Sitting Pretty: The Grail-Level Chair That Looks Like a Pair of Damn Scissors
In the first installment of his hyperspecific new interior design column, Tyler Watamanuk explores the Scissors Chair.
Photo courtesy of the Knoll archive.
Chairs have long been a beacon of self-expression and individualism, often acting as the flashiest and most exciting part of a space. More than just a spot to sit, a great accent chair can assert itself as a functional piece of art. Whether simplistic in stature or as opulent as a Greek statue, the right chair has the agency to change the mood of the room in which it sits. And there is perhaps none more emblematic of this power than the Scissors Chair designed by Swiss architect Pierre Jeanneret.
Manufactured and sold during the mid-nineteenth century, the chair earned its name for its playful design, which looks almost deliberately like the classic old-timey shears used in elementary school to cut up construction paper. Beyond the amusing silhouette, there is an elevated dance of linear simplicity and provoking modernist details. A circular rivet connects the chair’s body to its legs, an unmistakable motif of industrial design, and one that is not too often used on furniture. It was the work of man with an off-kilter sense of creativity that was still rooted in technicalities.
That man—Jeanneret—was a prolific architectural mind who branched out into other disciplines over the course of an illustrious career. He was born in 1896 and passed away in 1967, earning a reputation for his practical knowledge of materials and tremendous work ethic. However, Jeanneret spent much of his career in the shadow of his more high-profile cousin, the architect, designer, painter known as Le Corbusier. (Real name: Charles-Édouard Jeanneret.) Jeanneret’s profile never quite reached the heights of Le Corbusier, but he certainly made his own mark as a furniture designer.
The story goes that, while touring his studio in Europe, Hans and Florence Knoll encountered an intriguing new chair designed solely by Jeanneret. The Knolls obtained rights to manufacture the chair in America, introducing it as the Model 92 Scissors Chair in 1948, just as midcentury modern design was starting to gain traction in the American market. It remained in production until 1966, a year before Jeanneret’s death.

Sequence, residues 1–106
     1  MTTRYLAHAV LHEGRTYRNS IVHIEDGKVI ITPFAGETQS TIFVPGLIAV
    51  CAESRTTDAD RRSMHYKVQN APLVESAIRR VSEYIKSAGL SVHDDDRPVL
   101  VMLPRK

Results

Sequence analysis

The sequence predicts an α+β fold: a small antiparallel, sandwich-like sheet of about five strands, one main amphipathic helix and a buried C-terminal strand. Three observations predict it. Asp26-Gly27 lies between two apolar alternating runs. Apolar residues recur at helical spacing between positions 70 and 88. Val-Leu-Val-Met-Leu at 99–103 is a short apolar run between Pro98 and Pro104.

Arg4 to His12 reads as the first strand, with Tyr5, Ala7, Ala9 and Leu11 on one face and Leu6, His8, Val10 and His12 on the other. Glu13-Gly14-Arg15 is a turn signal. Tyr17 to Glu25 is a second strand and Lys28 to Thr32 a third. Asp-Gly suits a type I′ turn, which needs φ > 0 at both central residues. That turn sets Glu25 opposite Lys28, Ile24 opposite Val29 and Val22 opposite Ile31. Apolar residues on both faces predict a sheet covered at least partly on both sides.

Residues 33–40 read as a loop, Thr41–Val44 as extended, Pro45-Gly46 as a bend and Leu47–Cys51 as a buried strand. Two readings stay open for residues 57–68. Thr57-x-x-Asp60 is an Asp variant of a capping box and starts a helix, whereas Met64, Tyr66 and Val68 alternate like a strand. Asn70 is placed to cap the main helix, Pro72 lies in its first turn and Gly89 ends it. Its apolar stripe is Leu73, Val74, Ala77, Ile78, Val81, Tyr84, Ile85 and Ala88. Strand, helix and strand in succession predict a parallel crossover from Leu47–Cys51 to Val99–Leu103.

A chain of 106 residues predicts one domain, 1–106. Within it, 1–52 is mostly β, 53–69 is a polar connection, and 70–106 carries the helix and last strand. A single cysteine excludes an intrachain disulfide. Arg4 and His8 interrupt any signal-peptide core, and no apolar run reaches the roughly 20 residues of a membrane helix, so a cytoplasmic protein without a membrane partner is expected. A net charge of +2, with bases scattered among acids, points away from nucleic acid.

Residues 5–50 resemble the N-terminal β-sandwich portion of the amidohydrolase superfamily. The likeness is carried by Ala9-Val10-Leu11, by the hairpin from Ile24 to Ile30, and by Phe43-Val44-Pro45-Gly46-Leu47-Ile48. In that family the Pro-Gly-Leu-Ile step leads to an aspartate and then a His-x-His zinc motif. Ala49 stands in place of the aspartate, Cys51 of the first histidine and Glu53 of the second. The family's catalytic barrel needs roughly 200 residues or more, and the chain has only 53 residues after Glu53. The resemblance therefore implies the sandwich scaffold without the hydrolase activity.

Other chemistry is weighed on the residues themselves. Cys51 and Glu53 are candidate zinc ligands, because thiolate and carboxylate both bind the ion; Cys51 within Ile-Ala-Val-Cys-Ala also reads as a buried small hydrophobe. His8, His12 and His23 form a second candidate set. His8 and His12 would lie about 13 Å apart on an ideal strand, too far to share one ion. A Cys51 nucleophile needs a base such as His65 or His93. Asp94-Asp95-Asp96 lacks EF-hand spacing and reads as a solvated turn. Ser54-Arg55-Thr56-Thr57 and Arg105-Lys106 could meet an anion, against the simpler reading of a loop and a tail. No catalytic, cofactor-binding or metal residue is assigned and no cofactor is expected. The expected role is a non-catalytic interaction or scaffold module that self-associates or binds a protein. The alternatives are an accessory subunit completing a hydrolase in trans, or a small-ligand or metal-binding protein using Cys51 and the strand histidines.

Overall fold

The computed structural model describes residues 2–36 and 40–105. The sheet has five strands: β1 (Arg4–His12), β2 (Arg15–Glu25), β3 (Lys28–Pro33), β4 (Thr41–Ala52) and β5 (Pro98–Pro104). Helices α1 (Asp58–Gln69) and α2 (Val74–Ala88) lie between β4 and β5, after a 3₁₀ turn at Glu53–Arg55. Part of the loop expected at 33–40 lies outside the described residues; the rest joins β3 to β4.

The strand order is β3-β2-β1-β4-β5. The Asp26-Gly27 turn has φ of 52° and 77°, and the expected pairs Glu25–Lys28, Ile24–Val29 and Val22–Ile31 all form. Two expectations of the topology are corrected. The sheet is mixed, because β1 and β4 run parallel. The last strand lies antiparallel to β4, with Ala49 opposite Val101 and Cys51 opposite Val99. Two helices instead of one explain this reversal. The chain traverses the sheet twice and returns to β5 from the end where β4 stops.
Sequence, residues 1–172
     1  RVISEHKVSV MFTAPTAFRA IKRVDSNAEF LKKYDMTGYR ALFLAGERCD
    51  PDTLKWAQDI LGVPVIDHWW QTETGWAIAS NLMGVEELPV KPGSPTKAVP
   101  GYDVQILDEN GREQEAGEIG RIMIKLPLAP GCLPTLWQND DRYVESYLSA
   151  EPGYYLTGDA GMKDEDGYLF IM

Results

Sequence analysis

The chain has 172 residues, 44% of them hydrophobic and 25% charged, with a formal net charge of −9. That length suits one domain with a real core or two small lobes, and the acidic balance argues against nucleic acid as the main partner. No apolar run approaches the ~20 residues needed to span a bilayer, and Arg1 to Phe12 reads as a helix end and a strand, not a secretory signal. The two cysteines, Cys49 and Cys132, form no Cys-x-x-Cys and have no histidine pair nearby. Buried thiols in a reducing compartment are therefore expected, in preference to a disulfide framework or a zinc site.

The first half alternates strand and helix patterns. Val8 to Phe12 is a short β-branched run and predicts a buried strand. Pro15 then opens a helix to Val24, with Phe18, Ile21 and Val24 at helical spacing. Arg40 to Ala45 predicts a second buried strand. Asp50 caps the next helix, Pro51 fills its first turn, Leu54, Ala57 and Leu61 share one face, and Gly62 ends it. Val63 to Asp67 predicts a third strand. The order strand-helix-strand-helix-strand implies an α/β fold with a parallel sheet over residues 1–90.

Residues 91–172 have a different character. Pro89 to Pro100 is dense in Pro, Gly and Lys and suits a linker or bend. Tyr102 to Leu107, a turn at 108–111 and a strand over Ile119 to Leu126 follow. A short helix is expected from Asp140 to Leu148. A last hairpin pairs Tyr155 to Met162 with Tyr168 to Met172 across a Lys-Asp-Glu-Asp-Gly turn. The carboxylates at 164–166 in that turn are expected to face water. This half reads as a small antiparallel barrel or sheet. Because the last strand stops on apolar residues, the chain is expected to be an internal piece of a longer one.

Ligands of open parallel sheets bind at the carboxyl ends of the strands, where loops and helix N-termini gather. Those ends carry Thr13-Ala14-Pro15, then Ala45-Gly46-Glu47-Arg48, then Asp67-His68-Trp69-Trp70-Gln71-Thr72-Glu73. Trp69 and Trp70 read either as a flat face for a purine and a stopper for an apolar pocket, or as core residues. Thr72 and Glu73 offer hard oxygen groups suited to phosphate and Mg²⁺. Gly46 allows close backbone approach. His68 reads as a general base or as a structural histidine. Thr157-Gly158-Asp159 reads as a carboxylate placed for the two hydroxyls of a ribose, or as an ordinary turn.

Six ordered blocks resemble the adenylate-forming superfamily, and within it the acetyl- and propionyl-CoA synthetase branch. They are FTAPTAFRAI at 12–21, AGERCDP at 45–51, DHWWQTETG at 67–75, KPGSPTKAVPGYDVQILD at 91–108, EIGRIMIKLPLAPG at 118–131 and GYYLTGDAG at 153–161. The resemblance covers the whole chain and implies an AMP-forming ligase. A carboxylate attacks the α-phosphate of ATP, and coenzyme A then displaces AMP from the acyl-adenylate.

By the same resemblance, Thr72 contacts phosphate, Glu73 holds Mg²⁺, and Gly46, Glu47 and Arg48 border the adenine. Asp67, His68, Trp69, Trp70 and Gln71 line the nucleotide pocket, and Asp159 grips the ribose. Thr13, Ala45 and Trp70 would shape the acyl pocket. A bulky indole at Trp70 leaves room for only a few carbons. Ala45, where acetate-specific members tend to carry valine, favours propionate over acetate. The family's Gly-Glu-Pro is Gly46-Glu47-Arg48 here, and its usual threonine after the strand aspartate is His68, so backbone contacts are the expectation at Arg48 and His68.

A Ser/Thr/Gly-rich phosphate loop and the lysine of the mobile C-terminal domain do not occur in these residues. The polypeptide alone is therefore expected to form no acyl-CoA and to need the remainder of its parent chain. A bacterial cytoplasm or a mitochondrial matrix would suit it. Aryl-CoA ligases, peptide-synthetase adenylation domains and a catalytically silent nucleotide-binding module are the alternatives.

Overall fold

At the time, the American consumer purchasing this chair would have been on the cusp of emerging decor trends. And it’s not hard to see why. In addition to its whimsical design, the chair was offered in eccentric upholstery shades like Kelly green, persimmon, and turquoise. Nowadays, it stands as a cult chair for serious collectors and decor aficionados whose own taste skew advocated and a bit left-of-center.
In its 2018 Design and Luxury issue, T Magazine spotlighted a grandiose house built from a former silk mill. The interior design was handled by none other than the acclaimed Italian director Luca Guadagnino. Placed in the master bedroom, not far from a fireplace made of Emperador marble, is a white Model 92 Scissors Chair. A quick Google search of the chair reveals that professionally restored versions still fetch premium prices, around $6,000 a pop, with many listings marked as “sold out.”
Jeanneret’s Scissors Chair represents of the most exciting parts about furniture design of that era; it’s cunning and a bit cheeky, but doesn’t sacrifice any ounce of design prowess. Even nearly a century after its debut, the chair remains as aesthetically clever and delightfully playful as it did back when. It’s a grail-level piece that deep-pocketed furniture heads still pay top dollar for—and for good reason. Just look at it.